Then, a new ANN with identical architecture to the previous one was constructed and the procedure from point 1 was repeated.

This general training plan has been further developed to increase the level of reliability of the generalization of the processing models. The experiments have been done using a random criterion of distribution of the samples. We have employed the 5 × 2 cross-validation protocol, which produces 10 elaborations for every sample. It consists in dividing the sample five times in two sub samples, containing each similar distribution of cases and controls [14].

Results

Descriptive Analysis

Control subjects and mild AD patients were comparable as far as age and gender distribution (see Table 1).
Table 1

Demographic, clinical and biological variables of the subjects.

Variables

CONTROLS

Mild AD

p

Number

25

37

-

Age, years

66.5 ± 3.8

67.3 ± 6.8

n.s.

Gender, M/F

11/14

17/20

n.s.

MMSE score

29.6 ± 1.0

24.9 ± 4.4

.0001

CDR score

-

0.7 ± 0.28

.0001

APPr

0.61 ± 0.22

0.44 ± 0.18

.003

BACE

1.52 ± 1.27

0.84 ± 0.73

.008

ADAM 10

0.79 ± 0.49

0.43 ± 0.23

.0004

M: male; F: female; MMSE: Mini-Mental State Examination; CDR: Clinical Dementia Rating; APPr: Amyloid Precursor Protein ratio.

Figure 1 reports a representative Western Blot of APP forms, ADAM10, and BACE levels in 2 control subjects and in 2 mild AD patients, the latter showing an alteration of these three measures. As shown, the optical density of the upper (130 kDa) APP form was reduced in AD patients compared to controls, being APP ratio decreased in the former group (panel A). Moreover, a reduction in the optical density ratio between ADAM10 and internal standard control (actin) as well as between the 36 kDa and the 57 kDa BACE forms was demonstrated in AD (see panel B,C). A significant statistical difference was present in APP ratio, BACE and ADM10 values between the two groups (see Table 1).
Figure 1

Representative Western Blot analysis of APP forms (panel A), ADAM10 (panel B), and BACE (panel C) in AD patients and in healthy controls.

The statistical significance of the differences reached an higher value for ADAM 10 in comparison with BACE and APP respectively, essentially due to a minor coefficient of variation index and a higher correlation index value (R2 = 0.012) with the target variable (diagnostic class).

Despite these average differences there was a certain degree of overlap of beta amyloid markers values across the two study groups, which made difficult the precise distinction among individual subjects belonging to one of the two classes.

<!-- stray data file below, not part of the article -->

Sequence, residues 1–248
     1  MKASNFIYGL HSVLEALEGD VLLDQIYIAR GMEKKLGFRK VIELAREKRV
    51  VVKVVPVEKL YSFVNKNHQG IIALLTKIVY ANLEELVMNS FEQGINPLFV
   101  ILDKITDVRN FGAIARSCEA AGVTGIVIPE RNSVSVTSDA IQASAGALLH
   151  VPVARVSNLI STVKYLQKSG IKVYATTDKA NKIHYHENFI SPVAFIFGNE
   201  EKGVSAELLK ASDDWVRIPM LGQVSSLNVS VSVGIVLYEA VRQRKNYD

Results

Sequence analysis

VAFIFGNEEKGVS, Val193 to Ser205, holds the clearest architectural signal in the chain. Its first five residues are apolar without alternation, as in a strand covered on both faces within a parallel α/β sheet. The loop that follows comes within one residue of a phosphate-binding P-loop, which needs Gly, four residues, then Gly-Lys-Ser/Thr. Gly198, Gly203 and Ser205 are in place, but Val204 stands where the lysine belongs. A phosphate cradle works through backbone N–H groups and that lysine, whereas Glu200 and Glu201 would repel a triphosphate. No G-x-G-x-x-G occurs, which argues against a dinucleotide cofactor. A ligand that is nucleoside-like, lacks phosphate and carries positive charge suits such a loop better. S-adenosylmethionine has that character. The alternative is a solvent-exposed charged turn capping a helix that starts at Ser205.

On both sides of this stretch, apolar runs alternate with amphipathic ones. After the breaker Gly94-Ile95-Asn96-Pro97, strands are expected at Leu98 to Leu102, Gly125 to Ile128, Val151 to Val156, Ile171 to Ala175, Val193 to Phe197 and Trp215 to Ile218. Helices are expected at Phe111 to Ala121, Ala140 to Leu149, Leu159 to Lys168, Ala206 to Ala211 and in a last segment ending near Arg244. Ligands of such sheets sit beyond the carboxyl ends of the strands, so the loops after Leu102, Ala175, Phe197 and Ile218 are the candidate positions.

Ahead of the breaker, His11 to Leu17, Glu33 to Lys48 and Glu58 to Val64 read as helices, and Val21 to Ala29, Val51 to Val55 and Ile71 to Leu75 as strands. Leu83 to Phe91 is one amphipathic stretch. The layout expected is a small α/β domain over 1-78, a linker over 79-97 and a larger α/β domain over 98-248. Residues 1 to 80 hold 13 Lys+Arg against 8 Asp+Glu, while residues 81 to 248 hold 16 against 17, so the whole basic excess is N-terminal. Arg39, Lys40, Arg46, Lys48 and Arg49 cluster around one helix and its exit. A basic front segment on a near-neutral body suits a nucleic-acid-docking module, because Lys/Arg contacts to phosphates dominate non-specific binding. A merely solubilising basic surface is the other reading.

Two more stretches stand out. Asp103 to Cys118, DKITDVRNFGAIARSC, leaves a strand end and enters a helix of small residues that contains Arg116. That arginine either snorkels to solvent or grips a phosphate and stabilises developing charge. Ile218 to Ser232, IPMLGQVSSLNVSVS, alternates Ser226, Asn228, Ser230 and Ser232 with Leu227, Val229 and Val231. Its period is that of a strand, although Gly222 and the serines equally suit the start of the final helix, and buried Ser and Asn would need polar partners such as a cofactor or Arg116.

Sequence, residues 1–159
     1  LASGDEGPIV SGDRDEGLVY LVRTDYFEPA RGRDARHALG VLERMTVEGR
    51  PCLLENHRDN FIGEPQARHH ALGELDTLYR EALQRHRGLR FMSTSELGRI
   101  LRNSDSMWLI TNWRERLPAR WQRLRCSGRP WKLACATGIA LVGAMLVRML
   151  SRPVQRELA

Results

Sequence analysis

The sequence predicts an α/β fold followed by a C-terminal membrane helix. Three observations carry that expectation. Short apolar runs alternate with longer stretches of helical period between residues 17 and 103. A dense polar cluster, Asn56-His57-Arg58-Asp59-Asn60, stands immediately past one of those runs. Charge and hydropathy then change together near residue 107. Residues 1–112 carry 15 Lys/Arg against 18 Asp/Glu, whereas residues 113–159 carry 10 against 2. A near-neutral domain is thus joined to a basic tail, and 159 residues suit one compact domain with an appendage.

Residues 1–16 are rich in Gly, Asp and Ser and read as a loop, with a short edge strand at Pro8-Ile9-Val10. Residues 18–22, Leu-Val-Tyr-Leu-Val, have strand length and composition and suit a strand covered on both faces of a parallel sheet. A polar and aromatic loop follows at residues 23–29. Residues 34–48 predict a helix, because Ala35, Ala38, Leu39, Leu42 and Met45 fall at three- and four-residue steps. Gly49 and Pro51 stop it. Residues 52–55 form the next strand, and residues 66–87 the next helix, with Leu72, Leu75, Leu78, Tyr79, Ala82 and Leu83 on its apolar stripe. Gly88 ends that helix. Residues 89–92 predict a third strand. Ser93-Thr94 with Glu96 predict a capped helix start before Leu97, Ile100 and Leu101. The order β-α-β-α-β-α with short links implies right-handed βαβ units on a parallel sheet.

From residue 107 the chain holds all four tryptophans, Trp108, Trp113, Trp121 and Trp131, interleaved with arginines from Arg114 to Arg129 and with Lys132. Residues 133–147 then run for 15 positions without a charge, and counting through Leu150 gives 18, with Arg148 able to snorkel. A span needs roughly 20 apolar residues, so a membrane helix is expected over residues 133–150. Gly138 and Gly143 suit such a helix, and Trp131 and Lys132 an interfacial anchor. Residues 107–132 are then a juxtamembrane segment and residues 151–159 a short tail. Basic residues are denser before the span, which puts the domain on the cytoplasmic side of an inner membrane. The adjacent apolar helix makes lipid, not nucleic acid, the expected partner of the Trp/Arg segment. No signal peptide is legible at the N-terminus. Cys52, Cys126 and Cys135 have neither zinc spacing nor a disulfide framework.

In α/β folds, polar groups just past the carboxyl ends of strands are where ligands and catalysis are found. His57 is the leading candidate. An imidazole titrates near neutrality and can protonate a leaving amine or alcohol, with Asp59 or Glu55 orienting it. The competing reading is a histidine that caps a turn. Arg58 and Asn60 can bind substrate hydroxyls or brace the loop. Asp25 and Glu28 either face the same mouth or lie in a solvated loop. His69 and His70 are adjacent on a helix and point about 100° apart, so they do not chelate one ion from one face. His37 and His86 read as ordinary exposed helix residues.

ANNs Analysis

In this study two kinds of protocols with neural networks models have been carried out in order to distinguish individual control subjects from mild AD patients only on the basis of APP, BACE1 and ADAM 10 values. In the first protocol, which included 170 analyses, APP, BACE and ADAM10 constituted the input variables. In the second protocol, which included 150 analyses, the three possible dual combinations of parameters constituted the input variables (APP – BACE; APP – ADAM10; BACE – ADAM)

Table 2 summarizes the average results related to 10 independent analyses with each different ANN model using three input variables and 5 × 2 cross-validation protocol.

The best result was obtained with Self Recurrent Network Dynamic Sine Net (SelfDASn) model, which reached an overall arithmetic mean accuracy rate of 93.08%. The corresponding result obtained with Linear Discriminant Analysis (LDA) was equal to 81.6%.

In Table 3 the average results related to 10 independent analyses with each different ANN model using two input variables and 5 × 2 cross-validation protocol are reported. In these analyses, Feed-Forward ANN models based on three learning laws (Back-Propagation, SineNet e BiModal) have been employed in order to define more precisely the contribution of each marker in discriminating AD.
Table 2

Three input variables analyses and 5 × 2 cross-validation protocol (average results obtained in 10 analyses with each model). LDA: Linear Discriminant Analysis, No: Number; SD: Standard Deviation.

MODELS

No.

Senitivity

Specificity

Mean Accuracy

No. Errors

SD Mean Accuracy

p

SelfDASn

10

94,03%

92,12%

93,08%

2,1

2,98

0,000036

TasmDASn

10

95,12%

90,51%

92,82%

2,1

3,26

0,000016

TasmSASn

10

92,51%

91,99%

92,25%

2,4

2,67

0,000022

SelfSASn

10

94,50%

89,87%

92,19%

2,3

2,58

0,000020

TasmDABm

10

93,54%

88,91%

91,23%

2,6

2,84

0,000007

TasmDABp

10

93,51%

88,91%

91,21%

2,6

3,20

0,000001

SelfSABm

10

93,57%

88,14%

90,86%

2,7

3,76

0,000144

SelfDABp

10

92,43%

88,14%

90,29%

2,9

3,35

0,000031

TasmSABp

10

90,79%

88,98%

89,88%

3,1

3,14

0,000302

SelfDABm

10

91,34%

88,21%

89,78%

3,1

4,02

0,000398

TasmSABm

10

91,90%

87,37%

89,64%

3,1

4,07

0,000504

SelfSABp

10

90,29%

88,91%

89,60%

3,2

2,96

0,000311

FF_Sn

10

91,90%

84,17%

88,03%

3,5

4,11

0,000734

FF_Bm

10

88,63%

86,54%

87,58%

3,8

3,61

0,000860

FF_Bp

10

88,63%

85,77%

87,20%

3,9

3,72

0,001092

SMDA

10

89,71%

78,65%

84,18%

4,6

6,31

0,021734

LDA

10

90,26%

72,95%

81,61%

5,2

5,47

-

Table 3

Two variables analyses and 5 × 2 cross-validation protocol (average results obtained in 10 analyses with each model).

INPUT

MODELS

No.

Sensitivity

Specificity

Mean Accuracy

No. Errors

SD Mean Accuracy

APP ADAM

FF_Sn

10

92,98%

76,99%

84,99%

4,2

4,23

 

FF_Bm

10

93,51%

73,08%

83,29%

4,6

6,06

 

FF_Bp

10

89,12%

74,74%

81,93%

5,2

5,27

 

SMDA

10

87,98%

69,17%

78,58%

6,1

6,12

 

LDA

10

82,52%

63,46%

72,99%

7,8

8,74

APP BACE

FF_Sn

10

84,33%

80,06%

82,20%

5,4

3,53

 

FF_Bm

10

81,69%

79,94%

80,82%

5,9

4,24

 

FF_Bp

10

83,27%

79,17%

81,22%

5,7

3,92

 

SMDA

10

82,81%

76,60%

79,70%

6,1

4,21

 

LDA

10

79,53%

64,68%

72,11%

8,2

4,54

ADAM BACE

FF_Sn

10

86,52%

80,19%

83,36%

5

5,91

 

FF_Bm

10

86,02%

76,92%

81,47%

5,5

5,60

 

FF_Bp

10

84,88%

79,42%

82,15%

5,4

6,61

 

SMDA

10

83,86%

74,61%

79,24%

6,2

7,05

 

LDA

10

85,97%

63,53%

74,75%

7,2

6,76

LDA: Linear Discriminant Analysis, No: Number; SD: Standard Deviation.